Attempts at affecting protein balance in critically ill infants using conventional nutritional management have made only modest gains. Exogenous protein and caloric provisions through parenteral nutrition help to increase the synthesis of new protein but have little effect on the body’s increased protein degradation.4,5 Excessive caloric allotments may increase CO2 production rates and thereby exacerbate the ventilatory burden of the child.6 One study of ECMO neonates has shown a possible paradoxical increase in protein breakdown with the administration of increased carbohydrate regimens.7 Thus, research into alternative means to promote positive protein balance in this population is of metabolic interest and clinical relevance.
The current pilot study used the intravenous administration of insulin to pharmacologically modulate the rate of protein breakdown in neonates dependent on ECMO. In the data presented here, the hyperinsulinemic euglycemic clamp was associated with significant reductions in overall amino acid turnover and endogenous leucine flux, a marker of protein breakdown. The rates of protein catabolism were measured by a previously validated stable isotopic tracer technique using L-[1-13C]leucine.1,13,19 Supporting the isotopic findings, insulin significantly reduced the serum concentrations of total amino acids and the essential amino acid leucine, presumably caused by the decreased degradation of protein into its constituent amino acids. Importantly, the mitigating effects of intravenous insulin on protein catabolism took place with no associated hypoglycemic complications or changes in lactate or acid-base status. The substantial reduction in protein degradation was observed after just 4 hours of insulin infusion; using these measurements, whole-body protein breakdown was reduced by 32% and equivalent to 3.1 g/kg/d.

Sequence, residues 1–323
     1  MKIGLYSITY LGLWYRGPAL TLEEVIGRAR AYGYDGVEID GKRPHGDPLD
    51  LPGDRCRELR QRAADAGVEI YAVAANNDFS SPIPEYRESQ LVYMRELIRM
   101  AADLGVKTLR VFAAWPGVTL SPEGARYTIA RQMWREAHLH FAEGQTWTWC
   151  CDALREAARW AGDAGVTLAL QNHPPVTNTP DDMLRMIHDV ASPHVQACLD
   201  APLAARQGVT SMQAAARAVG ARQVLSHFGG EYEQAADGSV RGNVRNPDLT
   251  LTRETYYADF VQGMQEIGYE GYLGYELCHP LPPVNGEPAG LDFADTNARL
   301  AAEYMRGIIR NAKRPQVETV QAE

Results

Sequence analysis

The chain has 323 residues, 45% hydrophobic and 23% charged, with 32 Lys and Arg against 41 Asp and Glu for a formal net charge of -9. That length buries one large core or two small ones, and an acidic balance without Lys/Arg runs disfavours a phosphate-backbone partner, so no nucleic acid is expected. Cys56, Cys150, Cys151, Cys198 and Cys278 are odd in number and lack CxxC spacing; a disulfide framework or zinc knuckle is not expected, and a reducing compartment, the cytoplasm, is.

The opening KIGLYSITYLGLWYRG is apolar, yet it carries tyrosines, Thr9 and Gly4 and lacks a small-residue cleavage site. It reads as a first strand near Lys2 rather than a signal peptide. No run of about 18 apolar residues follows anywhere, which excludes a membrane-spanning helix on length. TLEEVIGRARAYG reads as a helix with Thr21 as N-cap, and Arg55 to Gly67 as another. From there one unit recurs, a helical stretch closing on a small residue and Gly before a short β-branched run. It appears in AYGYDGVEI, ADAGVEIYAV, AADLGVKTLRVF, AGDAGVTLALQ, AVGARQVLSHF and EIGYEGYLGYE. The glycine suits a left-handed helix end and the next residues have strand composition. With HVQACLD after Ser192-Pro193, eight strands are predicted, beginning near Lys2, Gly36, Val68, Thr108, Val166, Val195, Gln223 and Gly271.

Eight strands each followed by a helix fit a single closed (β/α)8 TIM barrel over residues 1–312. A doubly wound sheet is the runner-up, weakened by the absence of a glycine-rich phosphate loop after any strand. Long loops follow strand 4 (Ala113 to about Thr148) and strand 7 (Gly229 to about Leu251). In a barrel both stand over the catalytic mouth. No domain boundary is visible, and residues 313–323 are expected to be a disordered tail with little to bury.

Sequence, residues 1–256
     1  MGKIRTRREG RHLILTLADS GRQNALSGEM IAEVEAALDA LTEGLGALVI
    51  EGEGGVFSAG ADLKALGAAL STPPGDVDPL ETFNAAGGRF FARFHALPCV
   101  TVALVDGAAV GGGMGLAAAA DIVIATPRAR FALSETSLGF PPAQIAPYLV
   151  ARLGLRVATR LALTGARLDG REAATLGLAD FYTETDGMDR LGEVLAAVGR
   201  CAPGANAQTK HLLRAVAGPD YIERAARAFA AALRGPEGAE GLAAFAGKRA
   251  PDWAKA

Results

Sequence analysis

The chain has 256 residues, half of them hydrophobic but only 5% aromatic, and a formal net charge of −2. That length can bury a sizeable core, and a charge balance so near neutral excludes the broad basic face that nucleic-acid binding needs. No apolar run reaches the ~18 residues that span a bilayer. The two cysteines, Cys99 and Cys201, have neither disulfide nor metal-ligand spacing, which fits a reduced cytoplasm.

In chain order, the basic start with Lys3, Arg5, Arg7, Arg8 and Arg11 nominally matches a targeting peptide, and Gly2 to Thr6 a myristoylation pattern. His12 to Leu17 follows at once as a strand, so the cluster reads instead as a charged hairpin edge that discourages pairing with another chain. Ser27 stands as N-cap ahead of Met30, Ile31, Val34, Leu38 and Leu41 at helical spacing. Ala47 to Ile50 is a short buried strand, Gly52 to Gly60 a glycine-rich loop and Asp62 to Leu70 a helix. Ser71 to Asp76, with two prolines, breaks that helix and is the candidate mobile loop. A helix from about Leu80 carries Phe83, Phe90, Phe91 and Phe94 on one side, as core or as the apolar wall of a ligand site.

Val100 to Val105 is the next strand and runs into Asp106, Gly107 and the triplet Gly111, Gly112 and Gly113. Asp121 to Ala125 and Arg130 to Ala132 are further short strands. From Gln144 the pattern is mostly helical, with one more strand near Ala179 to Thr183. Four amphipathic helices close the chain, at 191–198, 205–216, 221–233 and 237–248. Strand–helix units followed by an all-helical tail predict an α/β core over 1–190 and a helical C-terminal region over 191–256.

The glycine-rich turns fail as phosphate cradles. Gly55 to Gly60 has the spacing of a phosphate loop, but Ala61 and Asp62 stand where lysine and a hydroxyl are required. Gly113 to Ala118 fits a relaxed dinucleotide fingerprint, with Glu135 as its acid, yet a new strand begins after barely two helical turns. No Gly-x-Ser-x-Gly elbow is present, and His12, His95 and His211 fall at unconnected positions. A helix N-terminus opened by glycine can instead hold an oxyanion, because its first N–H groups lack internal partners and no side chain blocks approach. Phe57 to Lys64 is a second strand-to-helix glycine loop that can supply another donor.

The anabolic effects of insulin have been described previously, and numerous studies have used insulin infusions to promote protein accretion in adult volunteers and burn patients.8–10,20,21 In the pediatric population, one previous study measured the effects of insulin on protein metabolism in a cohort of 4 extremely low-birth-weight neonates.22 The investigators showed a 20% reduction in protein breakdown, although this was associated with a corresponding decrease in protein synthetic rate. The current study therefore represents the first reported use of an intravenous insulin infusion to reduce protein catabolism in a critically ill infant population.
Based on the results of this study, additional clinical investigation is warranted into the effects of intravenous insulin on the protein metabolism of critically ill infants. Although insulin appears to reduce protein breakdown in neonates on ECMO, the pattern must be confirmed in a larger population of critically ill babies. In addition, because protein metabolism is dependent on protein synthesis as well as breakdown, studies designed to measure insulin’s effects on protein synthesis are ongoing. Interestingly, several clinical studies in adults have shown an increase in protein synthesis when insulin is administered with parenteral amino acids.9,10,23 If this finding is confirmed in parenterally fed infants, the protein-sparing effects associated with insulin would be even more substantial.
The data presented here are consistent with those reported in previous studies22,24 and suggest that the experimental use of insulin infusions may be performed safely and effectively in neonates. Given the absence of nutritional methods to reduce protein breakdown, insulin may ultimately have broad applicability to the metabolic support of critically ill infants.
Supported by funding from the following sources: Children’s Hospital Surgical Foundation (TJ): Lawson Wilkins Pediatric Endocrine Society—AstraZeneca Research Fellowship (MA); Harvard Clinical Nutrition Research Center. NIH #P30 DK40561 (MA); Eli Lilly and Company Research Fellowship (MA); General Clinical Research Center at Children’s Hospital Boston, NIH #MO1-RR02172 (TJ); NIH #R01 HD41531-01A1 (TJ, MA); and NIH #F32 HD045094-01 (PJ).